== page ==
Guilt is a powerful motivator and a crippling force. I have seen grown men, who are beheld by the world as successful, upstanding members of society, crumble in tears because of the guilt that plagues their lives. I have listened to women explain how decades later they are still haunted by guilt from the graves of their disappointed mothers and fathers. An octogenarian on his deathbed once told me that God had punished him for his entire adult life because, as a nineteen-year-old, he felt that he was called by God to be a missionary but had refused to answer that call. I have been that quivering, tearful mess of guilt. You have, too. Parents use guilt to get their children to behave. Children use guilt to get what they want from their parents. For all of human history, religions have used guilt to motivate the masses and collect revenues from the faithful. But, today, I want to tell you that Jesus Christ came to earth and died on the cross so that you would never need to feel guilty about anything ever again. And anyone who says otherwise isn’t preaching the gospel.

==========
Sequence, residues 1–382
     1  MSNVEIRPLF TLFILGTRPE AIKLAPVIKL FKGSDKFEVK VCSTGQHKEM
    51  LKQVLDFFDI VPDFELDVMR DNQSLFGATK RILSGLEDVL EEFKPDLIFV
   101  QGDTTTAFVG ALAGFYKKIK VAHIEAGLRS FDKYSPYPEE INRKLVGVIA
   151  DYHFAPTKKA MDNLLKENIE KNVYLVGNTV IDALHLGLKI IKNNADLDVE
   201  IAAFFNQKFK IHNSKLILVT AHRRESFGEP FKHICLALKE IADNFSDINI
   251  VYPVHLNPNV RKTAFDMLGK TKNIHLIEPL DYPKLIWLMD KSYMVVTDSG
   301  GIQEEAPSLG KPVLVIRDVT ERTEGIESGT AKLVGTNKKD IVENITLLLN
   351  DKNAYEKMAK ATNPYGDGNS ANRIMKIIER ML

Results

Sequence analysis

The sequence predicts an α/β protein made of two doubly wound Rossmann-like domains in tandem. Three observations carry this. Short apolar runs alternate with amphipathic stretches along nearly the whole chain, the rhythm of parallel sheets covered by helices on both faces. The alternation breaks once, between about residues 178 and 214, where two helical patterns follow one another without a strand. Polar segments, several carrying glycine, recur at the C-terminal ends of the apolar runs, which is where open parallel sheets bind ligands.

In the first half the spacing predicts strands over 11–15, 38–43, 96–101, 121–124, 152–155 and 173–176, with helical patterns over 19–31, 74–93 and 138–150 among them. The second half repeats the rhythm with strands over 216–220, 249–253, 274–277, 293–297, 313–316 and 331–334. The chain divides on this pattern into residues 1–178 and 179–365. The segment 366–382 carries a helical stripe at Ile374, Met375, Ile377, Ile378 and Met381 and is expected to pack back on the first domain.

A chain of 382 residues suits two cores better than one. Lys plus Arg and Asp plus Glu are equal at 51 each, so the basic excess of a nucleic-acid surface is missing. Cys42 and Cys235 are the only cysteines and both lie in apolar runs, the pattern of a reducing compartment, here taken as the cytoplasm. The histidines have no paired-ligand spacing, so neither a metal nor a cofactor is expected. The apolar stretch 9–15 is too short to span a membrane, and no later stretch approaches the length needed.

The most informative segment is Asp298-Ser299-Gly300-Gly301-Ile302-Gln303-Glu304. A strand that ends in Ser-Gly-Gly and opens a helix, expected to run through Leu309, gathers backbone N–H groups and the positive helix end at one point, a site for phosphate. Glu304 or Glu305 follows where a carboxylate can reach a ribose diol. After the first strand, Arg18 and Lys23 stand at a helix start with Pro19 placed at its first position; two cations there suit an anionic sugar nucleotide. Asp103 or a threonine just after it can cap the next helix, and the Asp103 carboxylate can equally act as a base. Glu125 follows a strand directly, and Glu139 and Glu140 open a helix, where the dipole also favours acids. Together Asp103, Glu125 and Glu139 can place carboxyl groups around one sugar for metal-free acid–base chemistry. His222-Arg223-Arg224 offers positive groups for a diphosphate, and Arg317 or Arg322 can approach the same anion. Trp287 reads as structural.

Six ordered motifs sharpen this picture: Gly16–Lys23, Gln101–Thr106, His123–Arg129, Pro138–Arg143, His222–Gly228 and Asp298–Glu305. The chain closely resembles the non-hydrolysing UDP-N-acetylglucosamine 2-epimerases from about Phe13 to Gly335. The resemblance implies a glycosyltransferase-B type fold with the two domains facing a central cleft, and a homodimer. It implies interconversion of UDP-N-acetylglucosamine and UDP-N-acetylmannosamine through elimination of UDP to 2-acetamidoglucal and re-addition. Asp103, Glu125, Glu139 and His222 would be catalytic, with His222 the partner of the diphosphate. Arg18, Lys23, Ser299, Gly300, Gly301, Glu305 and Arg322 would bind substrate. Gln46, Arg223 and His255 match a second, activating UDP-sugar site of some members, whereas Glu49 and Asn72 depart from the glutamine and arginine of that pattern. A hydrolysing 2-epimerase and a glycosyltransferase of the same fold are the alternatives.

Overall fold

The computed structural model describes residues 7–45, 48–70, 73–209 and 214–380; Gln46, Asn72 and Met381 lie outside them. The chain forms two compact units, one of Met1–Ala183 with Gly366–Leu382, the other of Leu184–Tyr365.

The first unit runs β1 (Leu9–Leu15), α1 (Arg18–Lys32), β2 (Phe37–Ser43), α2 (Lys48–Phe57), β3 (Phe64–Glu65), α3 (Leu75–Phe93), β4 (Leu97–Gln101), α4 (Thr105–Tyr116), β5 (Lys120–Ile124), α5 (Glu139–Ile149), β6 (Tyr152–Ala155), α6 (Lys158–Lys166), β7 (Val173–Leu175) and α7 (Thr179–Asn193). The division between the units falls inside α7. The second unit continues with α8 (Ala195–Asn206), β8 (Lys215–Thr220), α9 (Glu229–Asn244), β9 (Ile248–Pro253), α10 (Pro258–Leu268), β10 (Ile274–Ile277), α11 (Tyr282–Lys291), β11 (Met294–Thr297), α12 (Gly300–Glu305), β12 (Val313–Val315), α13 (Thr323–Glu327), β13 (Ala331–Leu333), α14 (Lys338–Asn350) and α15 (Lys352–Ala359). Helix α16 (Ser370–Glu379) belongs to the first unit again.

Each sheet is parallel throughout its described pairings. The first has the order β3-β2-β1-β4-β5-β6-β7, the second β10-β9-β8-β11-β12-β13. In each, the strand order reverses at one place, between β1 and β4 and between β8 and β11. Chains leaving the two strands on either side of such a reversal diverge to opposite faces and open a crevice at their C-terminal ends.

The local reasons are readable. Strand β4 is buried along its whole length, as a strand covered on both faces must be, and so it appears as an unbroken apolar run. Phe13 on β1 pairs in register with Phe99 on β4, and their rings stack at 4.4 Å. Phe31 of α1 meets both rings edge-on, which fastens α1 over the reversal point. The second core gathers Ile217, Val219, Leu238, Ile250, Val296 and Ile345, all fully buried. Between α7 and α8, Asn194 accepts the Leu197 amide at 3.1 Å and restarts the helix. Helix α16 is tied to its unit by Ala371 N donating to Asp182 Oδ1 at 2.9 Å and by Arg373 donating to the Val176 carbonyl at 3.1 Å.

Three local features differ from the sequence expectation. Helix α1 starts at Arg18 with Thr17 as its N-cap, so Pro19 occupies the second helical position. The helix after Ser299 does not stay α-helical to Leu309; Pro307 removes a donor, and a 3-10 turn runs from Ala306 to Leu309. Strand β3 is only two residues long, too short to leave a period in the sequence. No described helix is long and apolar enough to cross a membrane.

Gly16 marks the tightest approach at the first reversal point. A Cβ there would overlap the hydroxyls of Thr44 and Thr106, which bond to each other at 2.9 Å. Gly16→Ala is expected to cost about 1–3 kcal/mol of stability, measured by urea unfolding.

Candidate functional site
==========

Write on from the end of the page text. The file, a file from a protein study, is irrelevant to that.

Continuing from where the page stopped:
As anyone familiar with the passive-aggressive tendencies of polite southern society can tell you, guilt is a formidable tool, but, as any good therapist will confirm, it always leads in the wrong direction. Instead of affirming, guilt destroys. Instead of making us better, guilt wears us down. Guilt is built on conditional statements. It is the “if you are a good son…a good daughter…a good person” that keeps us agonizing over whether we have done enough. Guilt says, “I will love you if…” and “you don’t deserve my love unless…” Guilt is expressed as shoulds and oughts. It is the voice of authority—whether that of the teacher or the minister or even the perceived voice of God himself—that says, “Thou shalt do this or else.” It is the overbearing mother who says, “Now, what you need to do is this.” And it is the always disapproving father who says, “What you should have done is that.” Guilt is the inescapable, unsatisfiable, unbridgeable abyss of “you’re not good enough.” And that’s exactly why it’s contrary to the gospel.